The following year the infamous poker scandals were uncovered first at Absolute Poker and later at UltimateBet. Without going into great detail about the scandals, a poster at 2 plus 2 poker forum noticed some strange play from a certain account at Absolute Poker and asked the site for a hand history for large buy-in tournaments which the site sent to him. Upon examining the data it was evident that the player going under the handle POTRIPPER had to be cheating since he was betting heavy on very poor hands when others at the table had weak hands and folding strong hands like K-K when another player had A-A. The player went public with the information and, after an outcry from poker players on the 2 plus 2 forum, the Kahnawake Gaming Commission (KGC) said it would launch an investigation. What they uncovered was that Absolute Poker had a "superuser" account that could see the hole cards of other players at the table and as it turns out the account belonged to former owner Scott Tom. The KGC determined that when the software was developed the superuser account was created to ensure that the software was running correctly and once they were satisfied that the software was working properly that account would be deleted. Tom, however, never bothered to delete the account and instead used it to cheat players in high buy-in games starting as far back as 2003.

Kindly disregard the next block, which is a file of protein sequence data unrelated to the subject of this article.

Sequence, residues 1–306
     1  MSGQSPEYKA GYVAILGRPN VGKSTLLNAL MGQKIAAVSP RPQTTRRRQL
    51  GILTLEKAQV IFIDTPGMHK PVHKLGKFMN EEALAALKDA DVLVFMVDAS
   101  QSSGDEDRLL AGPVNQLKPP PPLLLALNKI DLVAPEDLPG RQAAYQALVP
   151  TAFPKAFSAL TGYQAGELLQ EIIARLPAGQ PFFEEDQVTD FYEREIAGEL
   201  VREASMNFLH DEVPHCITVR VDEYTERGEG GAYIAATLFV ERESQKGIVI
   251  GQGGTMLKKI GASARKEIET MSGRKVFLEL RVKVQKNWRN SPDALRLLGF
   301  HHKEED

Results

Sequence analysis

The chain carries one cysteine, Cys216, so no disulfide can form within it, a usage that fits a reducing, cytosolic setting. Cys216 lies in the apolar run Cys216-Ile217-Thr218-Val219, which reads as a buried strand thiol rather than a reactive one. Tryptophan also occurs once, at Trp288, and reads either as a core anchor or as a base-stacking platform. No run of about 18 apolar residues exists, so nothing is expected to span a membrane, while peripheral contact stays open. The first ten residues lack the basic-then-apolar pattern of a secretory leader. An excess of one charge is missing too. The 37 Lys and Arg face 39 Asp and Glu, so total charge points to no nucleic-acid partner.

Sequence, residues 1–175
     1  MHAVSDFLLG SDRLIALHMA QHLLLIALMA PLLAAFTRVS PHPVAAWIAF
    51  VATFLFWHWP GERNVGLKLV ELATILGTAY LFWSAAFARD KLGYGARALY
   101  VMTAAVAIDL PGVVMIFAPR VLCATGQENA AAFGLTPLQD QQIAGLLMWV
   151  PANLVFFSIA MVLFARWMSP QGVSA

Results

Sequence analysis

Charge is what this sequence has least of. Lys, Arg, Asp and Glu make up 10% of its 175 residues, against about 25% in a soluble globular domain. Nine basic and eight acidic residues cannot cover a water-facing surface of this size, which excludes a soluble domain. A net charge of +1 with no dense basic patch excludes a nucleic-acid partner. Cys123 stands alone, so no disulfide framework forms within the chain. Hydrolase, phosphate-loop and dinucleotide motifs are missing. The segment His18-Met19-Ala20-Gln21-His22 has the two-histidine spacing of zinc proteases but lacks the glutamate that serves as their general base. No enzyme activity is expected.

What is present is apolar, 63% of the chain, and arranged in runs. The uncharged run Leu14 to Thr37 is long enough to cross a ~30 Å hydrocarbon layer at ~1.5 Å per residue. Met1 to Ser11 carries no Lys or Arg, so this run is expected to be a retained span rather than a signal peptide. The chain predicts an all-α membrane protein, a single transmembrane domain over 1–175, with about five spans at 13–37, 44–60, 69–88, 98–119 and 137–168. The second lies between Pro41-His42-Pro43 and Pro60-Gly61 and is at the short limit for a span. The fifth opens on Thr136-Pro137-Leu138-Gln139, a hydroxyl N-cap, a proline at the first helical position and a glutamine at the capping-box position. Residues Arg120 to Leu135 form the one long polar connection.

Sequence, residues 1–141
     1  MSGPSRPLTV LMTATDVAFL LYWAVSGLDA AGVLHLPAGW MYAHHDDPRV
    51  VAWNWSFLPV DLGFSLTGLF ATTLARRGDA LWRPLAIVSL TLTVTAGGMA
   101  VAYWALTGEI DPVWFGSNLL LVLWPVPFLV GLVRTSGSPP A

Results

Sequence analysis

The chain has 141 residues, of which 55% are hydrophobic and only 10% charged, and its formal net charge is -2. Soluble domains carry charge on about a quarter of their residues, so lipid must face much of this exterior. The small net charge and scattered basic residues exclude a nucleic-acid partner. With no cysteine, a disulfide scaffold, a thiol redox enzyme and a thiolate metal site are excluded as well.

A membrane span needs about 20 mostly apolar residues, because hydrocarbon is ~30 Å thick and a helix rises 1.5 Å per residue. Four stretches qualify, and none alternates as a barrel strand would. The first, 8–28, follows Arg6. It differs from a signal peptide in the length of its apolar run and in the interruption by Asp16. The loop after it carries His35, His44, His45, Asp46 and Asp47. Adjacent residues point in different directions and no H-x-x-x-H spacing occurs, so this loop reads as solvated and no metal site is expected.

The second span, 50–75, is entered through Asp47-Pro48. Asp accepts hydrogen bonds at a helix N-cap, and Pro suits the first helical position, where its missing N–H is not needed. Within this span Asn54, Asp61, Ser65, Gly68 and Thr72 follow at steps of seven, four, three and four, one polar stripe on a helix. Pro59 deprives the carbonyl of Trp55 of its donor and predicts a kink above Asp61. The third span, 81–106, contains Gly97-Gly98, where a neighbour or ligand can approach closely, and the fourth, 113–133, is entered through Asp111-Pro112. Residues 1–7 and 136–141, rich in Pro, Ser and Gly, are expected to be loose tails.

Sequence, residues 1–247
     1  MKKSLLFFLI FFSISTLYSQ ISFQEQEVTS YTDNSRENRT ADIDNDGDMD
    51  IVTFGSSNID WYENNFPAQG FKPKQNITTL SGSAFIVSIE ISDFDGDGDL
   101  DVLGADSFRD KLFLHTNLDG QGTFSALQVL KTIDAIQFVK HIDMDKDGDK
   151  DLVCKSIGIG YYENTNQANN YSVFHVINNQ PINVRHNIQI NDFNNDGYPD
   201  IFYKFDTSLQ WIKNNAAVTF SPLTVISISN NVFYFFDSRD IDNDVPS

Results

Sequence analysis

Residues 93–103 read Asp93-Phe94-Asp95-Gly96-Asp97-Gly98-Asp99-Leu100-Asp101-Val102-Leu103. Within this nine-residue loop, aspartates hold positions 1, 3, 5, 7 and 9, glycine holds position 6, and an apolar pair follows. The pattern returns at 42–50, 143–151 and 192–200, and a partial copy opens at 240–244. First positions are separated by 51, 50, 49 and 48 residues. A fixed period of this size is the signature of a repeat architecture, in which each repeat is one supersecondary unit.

Not long after the Absolute Poker scandal players also noticed suspicious play at Ultimate Bet and once again a KGC investigation revealed that the software there was compromised and the cheating traced back to Ultimate Bet shareholder Russ Hamilton. After the KGC did their investigation it was determined that the Ultimate Bet cheating occurred as far back as 2004, just after Jim Ryan was hired on as CEO. Tokwiro paid players almost $21 million for the Ultimate Bet cheating scandal but was able to recoup about $15 million of that after an Ontario court ruled that Excapsa was at fault and liable for damages. Absolute Poker and Ultimate Bet merged to become the Cereus Network not long after and were sold to Blanca Gaming but the benefits of the purchase were short lived as the sites were seized by the DoJ on Black Friday and Cereus ceased operations shortly thereafter.